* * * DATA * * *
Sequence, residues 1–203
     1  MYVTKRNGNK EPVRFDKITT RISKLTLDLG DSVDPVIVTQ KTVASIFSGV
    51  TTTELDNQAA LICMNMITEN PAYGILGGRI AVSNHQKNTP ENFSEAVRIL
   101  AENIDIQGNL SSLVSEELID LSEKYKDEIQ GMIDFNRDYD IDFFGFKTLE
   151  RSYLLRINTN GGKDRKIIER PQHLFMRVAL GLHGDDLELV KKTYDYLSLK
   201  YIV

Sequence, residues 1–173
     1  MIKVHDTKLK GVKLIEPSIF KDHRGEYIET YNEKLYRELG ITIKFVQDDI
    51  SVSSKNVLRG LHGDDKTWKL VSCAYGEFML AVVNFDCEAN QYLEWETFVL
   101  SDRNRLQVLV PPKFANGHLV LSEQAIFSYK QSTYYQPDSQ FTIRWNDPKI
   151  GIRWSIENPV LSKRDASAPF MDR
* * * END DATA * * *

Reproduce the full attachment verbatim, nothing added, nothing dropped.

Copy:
Sequence, residues 1–203
     1  MYVTKRNGNK EPVRFDKITT RISKLTLDLG DSVDPVIVTQ KTVASIFSGV
    51  TTTELDNQAA LICMNMITEN PAYGILGGRI AVSNHQKNTP ENFSEAVRIL
   101  AENIDIQGNL SSLVSEELID LSEKYKDEIQ GMIDFNRDYD IDFFGFKTLE
   151  RSYLLRINTN GGKDRKIIER PQHLFMRVAL GLHGDDLELV KKTYDYLSLK
   201  YIV

Sequence, residues 1–173
     1  MIKVHDTKLK GVKLIEPSIF KDHRGEYIET YNEKLYRELG ITIKFVQDDI
    51  SVSSKNVLRG LHGDDKTWKL VSCAYGEFML AVVNFDCEAN QYLEWETFVL
   101  SDRNRLQVLV PPKFANGHLV LSEQAIFSYK QSTYYQPDSQ FTIRWNDPKI
   151  GIRWSIENPV LSKRDASAPF MDR